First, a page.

Kick-starting her career as a finance practitioner, SENPATHI JAYAWICKRAMA, DEPUTY GENERAL MANAGER AND HEAD OF BUSINESS STRATEGY AT MAS HOLDINGS – MAS KREEDA, holds great ardor for the potential of evolution in finance. After qualifying as a Chartered Management Accountant at the age of 20, she is now a Fellow Member of CIMA and CGMA, Associate of CPA Australia, Associate member of CIM and MBA holder from Cardiff Metropolitan University – UK where she also topped the batch in 2012.

Taking on her first job role as a project finance officer soon after her Advanced levels, Senpathi built a pathway from there on which provided her an array of experience across different industries such as Social Services, Freight Forwarding and Logistics, Finance Business Process Outsourcing, US Healthcare & Insurance and Apparel Manufacturing. These opportunities in turn expanded her exposure and provided her with experience on how different organizations function.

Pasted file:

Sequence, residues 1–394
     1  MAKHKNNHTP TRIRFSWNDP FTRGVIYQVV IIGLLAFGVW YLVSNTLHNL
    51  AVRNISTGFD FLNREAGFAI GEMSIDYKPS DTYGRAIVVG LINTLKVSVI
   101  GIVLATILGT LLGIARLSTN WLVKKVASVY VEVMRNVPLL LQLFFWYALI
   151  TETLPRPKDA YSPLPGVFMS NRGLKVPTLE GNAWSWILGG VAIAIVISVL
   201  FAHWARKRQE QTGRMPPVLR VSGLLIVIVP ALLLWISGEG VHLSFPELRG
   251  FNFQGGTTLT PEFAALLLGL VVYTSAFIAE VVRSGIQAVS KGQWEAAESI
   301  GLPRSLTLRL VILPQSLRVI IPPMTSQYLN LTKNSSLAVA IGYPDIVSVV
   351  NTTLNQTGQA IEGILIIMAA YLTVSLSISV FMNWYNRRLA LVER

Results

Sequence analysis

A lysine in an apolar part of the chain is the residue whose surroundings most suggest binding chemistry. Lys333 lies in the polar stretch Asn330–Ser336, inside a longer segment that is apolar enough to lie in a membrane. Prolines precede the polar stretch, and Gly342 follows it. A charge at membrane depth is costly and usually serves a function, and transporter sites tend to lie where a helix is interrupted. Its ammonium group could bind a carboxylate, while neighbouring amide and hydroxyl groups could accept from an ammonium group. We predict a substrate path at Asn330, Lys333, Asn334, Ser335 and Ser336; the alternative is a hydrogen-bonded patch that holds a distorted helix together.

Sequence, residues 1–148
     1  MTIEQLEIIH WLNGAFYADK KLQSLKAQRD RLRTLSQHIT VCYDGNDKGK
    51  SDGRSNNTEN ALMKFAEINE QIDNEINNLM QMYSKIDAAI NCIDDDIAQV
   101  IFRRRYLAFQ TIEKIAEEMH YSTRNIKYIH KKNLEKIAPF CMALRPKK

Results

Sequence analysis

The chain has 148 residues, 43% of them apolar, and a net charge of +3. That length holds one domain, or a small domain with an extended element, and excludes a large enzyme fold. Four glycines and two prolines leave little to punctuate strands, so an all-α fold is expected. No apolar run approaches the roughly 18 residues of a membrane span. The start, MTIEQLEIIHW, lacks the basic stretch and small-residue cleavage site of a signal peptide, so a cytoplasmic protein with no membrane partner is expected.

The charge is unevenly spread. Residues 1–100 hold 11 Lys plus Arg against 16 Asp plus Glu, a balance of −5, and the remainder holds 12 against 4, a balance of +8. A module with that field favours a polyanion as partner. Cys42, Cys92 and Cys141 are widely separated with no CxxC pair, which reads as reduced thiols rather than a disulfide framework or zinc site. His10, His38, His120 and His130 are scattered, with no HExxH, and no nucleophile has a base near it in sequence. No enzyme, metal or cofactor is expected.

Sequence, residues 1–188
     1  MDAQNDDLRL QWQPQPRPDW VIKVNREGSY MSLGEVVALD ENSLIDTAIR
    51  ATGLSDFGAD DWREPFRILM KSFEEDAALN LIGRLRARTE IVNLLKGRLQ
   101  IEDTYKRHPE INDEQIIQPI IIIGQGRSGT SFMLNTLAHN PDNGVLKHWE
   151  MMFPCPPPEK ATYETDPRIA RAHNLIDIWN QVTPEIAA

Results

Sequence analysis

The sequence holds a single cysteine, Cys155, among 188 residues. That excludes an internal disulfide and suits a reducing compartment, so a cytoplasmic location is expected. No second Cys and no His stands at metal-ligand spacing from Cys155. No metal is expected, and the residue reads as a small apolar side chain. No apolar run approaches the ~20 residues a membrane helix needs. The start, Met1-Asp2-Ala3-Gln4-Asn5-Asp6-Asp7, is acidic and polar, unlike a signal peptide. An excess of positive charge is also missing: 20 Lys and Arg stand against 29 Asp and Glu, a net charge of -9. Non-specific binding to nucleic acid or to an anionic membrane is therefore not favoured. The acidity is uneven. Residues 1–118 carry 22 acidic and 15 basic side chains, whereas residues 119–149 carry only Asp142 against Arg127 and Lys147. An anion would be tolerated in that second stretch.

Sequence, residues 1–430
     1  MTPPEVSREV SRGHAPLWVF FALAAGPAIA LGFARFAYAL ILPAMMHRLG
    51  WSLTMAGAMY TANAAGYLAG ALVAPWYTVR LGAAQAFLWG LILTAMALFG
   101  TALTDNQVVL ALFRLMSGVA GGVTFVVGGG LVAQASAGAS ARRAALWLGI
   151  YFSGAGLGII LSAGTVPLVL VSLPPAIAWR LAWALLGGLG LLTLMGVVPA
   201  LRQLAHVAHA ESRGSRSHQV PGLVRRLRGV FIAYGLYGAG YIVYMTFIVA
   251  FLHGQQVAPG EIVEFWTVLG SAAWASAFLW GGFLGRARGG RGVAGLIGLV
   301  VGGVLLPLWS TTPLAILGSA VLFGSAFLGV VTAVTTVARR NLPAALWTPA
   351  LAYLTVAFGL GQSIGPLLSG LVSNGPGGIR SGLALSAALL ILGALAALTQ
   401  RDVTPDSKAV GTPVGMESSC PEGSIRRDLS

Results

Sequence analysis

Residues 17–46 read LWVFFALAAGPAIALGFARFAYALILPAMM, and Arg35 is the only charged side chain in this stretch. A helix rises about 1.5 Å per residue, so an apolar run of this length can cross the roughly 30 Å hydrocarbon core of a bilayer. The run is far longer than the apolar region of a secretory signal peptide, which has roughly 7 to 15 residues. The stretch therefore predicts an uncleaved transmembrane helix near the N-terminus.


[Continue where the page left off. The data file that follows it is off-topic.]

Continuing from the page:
Senpathi subsequently moved from the field of finance to strategic planning and strategy management. Till date, she firmly believes that the functionality of finance should be much more than just reporting. “It has an ability to truly transform organizations through strategic insights”, she distinctly expresses.

Firm believer of life balance, Senpathi’s love for outdoors takes her on an activity-filled ride during her free times, be it cycling, running, weight training, mountaineering or traveling. There is certainly no greater joy than inhaling some fresh air while pursuing your passion.